I’d done a really good job at putting myself into places that were neurodivergent friendly or I was in roles that played well into my strengths, so I didn’t need a lot of accommodation. At the workplace that inspired a lot of stories for the book, when we changed into a new office and they wanted to move things around and I said it didn’t work for me, it was like, ‘Nobody else is complaining, it’s not fair to give you special treatment, those nicer quiet window seats are for management.’ It was like, shame on you for asking to be treated differently. I was physically sick to the point that I had lost 20 pounds in six months. They knew I had been calling out of work because I was having a lot of seizures and migraines due to the fluorescent lights in the office. I just needed to change lighting, sit by a window, not sit in the busy aisle, and have noise canceling headphones. They were like, ‘We can’t do that for you.’ I immediately went and started looking for a new job.

How did these experiences lead to your book? What function does it serve?

I was working to launch a neurodiversity initiative for a consulting firm. It was going to launch in March 2020. Of course, that didn’t happen. It went on pause, and a few months later I lost my job. It pushed me to start doing the consulting thing on my own.

I can only take on a couple clients a month, so the book is the answer to the fact that I can’t and don’t want to be everywhere. The book is all of the things I’ve been teaching organizations since around 2018 put into a simple, easy to digest handbook where people can pick a section and make immediate change. Just hand it to someone who is neurodivergent or understands neurodiversity, and it costs almost nothing to make change that will make not only your neurodivergent employees’ lives better but everyone’s lives better.

I would like to shift to talk about the intersections of autism and neurodiversity in general. There is research suggesting more Autistic people experience gender dysphoria. Dr. Wenn Lawson, an Autistic researcher, said, “The non-Autistic world is governed by social and traditional expectations, but we may not notice these or fail to see them as important. This frees us up to connect more readily with our true gender.” Does this resonate with you? How do you see autism and gender exploration connect?

As an Autistic person, in general whether it’s gender or any social construction like monogamy, none of it made any logical sense to me. You can’t give me a ‘why’ to make these rules and me having to obey to them make sense to me. When thinking about Autism as diagnostic criteria, they say we struggle with social constructs. We know statistically, on paper, that Autistic people are more likely to be trans. I wonder if we’re really more likely or that less of us are willing to go along with what society says is the box that we need to be in.

I think once it’s less stigmatized to be trans and queer in general, I know we will see more non-Autistic and neurotypical people coming out as trans and queer, too.

For many Autistic people, truth is so important as a core value. Me saying that I’m a woman, now that I know what nonbinary is, is me lying. Now that I know I’m lying, I can’t. It feels dirty and wrong.

I think it’s so interesting that you find it hard to know why these social constructs are in place, because it doesn’t make any sense! These constructs don’t hold up to scrutiny for anybody. I think people are just coerced into abiding by them when in reality if you do ask “why,” it falls apart pretty quickly for all of us.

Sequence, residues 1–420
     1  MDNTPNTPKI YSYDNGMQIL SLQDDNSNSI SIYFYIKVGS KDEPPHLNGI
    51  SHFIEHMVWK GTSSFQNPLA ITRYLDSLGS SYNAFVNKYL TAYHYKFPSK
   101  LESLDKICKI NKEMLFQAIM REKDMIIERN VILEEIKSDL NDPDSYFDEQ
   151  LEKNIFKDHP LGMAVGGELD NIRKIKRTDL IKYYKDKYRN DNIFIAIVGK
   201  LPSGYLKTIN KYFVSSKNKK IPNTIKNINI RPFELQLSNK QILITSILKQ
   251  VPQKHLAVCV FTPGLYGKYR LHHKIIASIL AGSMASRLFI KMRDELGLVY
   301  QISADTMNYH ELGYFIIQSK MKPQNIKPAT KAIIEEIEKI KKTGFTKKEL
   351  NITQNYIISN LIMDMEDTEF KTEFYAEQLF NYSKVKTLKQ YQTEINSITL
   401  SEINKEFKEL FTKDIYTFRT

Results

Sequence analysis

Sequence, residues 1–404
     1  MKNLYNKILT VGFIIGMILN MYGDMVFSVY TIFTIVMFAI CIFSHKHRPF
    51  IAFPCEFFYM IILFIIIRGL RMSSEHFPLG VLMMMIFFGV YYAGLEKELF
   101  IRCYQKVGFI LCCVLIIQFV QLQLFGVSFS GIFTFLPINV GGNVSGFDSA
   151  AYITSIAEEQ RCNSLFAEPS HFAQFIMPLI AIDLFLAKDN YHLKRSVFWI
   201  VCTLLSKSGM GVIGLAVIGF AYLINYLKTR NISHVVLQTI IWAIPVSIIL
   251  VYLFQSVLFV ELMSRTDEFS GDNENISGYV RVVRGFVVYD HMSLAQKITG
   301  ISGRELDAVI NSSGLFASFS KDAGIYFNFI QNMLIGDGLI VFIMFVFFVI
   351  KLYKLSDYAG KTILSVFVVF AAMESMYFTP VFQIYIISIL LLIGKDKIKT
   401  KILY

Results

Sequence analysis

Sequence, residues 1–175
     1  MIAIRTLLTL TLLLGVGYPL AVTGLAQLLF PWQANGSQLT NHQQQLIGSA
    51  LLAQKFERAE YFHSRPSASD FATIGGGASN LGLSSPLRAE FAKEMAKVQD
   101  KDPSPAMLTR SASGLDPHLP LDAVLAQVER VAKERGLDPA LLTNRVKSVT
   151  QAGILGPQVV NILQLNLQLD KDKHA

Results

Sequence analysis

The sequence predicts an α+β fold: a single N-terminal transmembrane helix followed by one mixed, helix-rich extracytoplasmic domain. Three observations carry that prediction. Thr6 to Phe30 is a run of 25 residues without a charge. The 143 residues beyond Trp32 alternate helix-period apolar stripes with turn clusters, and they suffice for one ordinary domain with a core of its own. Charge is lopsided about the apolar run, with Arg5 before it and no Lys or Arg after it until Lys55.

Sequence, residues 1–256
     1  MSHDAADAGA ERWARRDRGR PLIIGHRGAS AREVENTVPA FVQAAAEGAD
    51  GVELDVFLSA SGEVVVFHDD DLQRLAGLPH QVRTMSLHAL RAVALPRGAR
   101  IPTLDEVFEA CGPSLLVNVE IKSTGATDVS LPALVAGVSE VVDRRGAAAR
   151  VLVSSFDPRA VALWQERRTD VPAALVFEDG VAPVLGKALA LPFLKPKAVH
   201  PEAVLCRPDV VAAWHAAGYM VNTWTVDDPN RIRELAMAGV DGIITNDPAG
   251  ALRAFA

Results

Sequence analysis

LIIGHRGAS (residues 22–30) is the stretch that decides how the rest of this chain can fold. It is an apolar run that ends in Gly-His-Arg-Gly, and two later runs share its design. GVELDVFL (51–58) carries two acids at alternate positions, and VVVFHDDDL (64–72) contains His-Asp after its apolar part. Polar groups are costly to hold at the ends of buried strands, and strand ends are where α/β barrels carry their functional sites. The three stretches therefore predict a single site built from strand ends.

Yeah! I’m so demand-avoidant that anything that feels compulsory feels overwhelming, feels like I’m being crushed and stifled and weighed down by it. It makes me uncomfortable when you push it on me.

That makes sense. You wrote a blog post about these antitrans bills that have been popping up and how they impact not only trans Autistic adults but all Autistic adults. You mentioned this concept of mental health comorbidities. Can you talk to me about that a little bit?

They’re using this argument that children are too vulnerable to know their own gender identities. Autistic people are more likely to be trans. They have used this fact to draw some conclusions that we have been tricked into being trans, so now in certain states that they’re starting to adopt this Autism language. They say you have to be evaluated for being Autistic, having depression, anxiety, and other mental health conditions, and they have to be resolved before you can seek gender-affirming care. Depression and anxiety are temporary things that might be able to be resolved, but they are often side effects of gender dysphoria and the remedy to that would be to transition. For Autistic people, the recommendation is to be screened for Autism and before Autistic people can be put into any kind of trans-affirming care, they have to be put into behavior modification. They’re basically going to be recommending [Applied Behavioral Analysis] over gender-affirming care, which is basically like conversion therapy for trans people.

Now, they’re saying that Autistic people are in a vulnerable class of people. What other things are they going to say that Autistic people can’t do in the future? What’s next? If we’re too vulnerable to make our own decisions, where does it stop?

That’s so indicative of how infantilizing people treat neurodiversity, especially Autism.

There’s this perception that just because you have different strengths and weaknesses than the general population, that means you’re less capable. In many ways, Autistic people are more capable depending on the circumstances. They say we can’t know our own genders, but Autistic people are some of the most introspective people I know. ‘Autism’ comes from a Latin word that means self! Now it’s convenient for people, they say we can’t understand ourselves. That doesn’t make sense.

Learn more about Rivera and Neurodivergent Rebel at You can buy “Neurodiversity Rising” on Amazon.